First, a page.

7 Quick Takes about My Kids and My Hair

20 December 2013

Quick taking with Jen today because....well because it's Friday, and I might never know that it was Friday if it weren't for the quick takers in my corner of the blogosphere.

- 1 -
Instead of "problem" Jake says "probroom."

"What's the probroom, mama?"

Every time he says it, I think life is awesome.

- 2 -
So Jacob and I have a crush on a couple in our parish, and I'm trying to figure out how to take it to the next level. They're a little older than we are, have more kids, been at the parish longer. They're down to earth and they make us laugh. (Emily, I feel you.) I will appreciate any pointers on securing a dinner invite.

- 3 -
I've been thinking a lot about "how I'm doing" as a mom of two. When Jake was a newborn life was very difficult, but the transition to two has been kind of...wonderful. I feel strange saying that and meaning it, because after Jake was born when I said things like that I was mostly lying, because it wasn't wonderful.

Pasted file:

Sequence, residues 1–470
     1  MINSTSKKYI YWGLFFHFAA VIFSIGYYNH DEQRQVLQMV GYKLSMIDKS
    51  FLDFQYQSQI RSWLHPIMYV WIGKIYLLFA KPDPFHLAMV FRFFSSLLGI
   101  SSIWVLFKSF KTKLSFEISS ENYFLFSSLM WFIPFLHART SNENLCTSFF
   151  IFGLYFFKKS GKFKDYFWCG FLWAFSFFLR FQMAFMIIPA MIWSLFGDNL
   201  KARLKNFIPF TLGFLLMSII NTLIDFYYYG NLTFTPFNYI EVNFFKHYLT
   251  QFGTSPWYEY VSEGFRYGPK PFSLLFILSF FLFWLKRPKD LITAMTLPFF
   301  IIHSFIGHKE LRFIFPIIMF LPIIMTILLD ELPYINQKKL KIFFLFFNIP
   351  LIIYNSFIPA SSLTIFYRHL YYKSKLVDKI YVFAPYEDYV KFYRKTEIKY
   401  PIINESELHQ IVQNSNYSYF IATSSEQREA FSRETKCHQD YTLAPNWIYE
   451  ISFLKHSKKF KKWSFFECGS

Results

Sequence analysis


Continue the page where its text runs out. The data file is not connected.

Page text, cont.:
Two littles is hard, certainly. But it's hard in a very entertaining way. I accomplish the smallest of things and I feel so good about it. Granted, the only things that get accomplished are the things that I 100% set my heart on. One day that might be making a dinner that involves something besides baked sweet potatoes. Another day that might be exercising or blogging. So long as I don't TRY to do more than my one or two must dos, I feel pretty good at accomplishing absolutely nothing beyond those things.

And when things get crazy, and everyone is pooping and crying at the same time, I mostly find it amusing. Like I'm living in a reality show or animal planet or something. And I begin to hear a narrator comment on the eccentricity of the human species. I heard the narrator this morning when I was brushing out an embarrassing amount of rats nests in my hair: Today the mother is grooming. The mother typically grooms herself and her offspring weekly.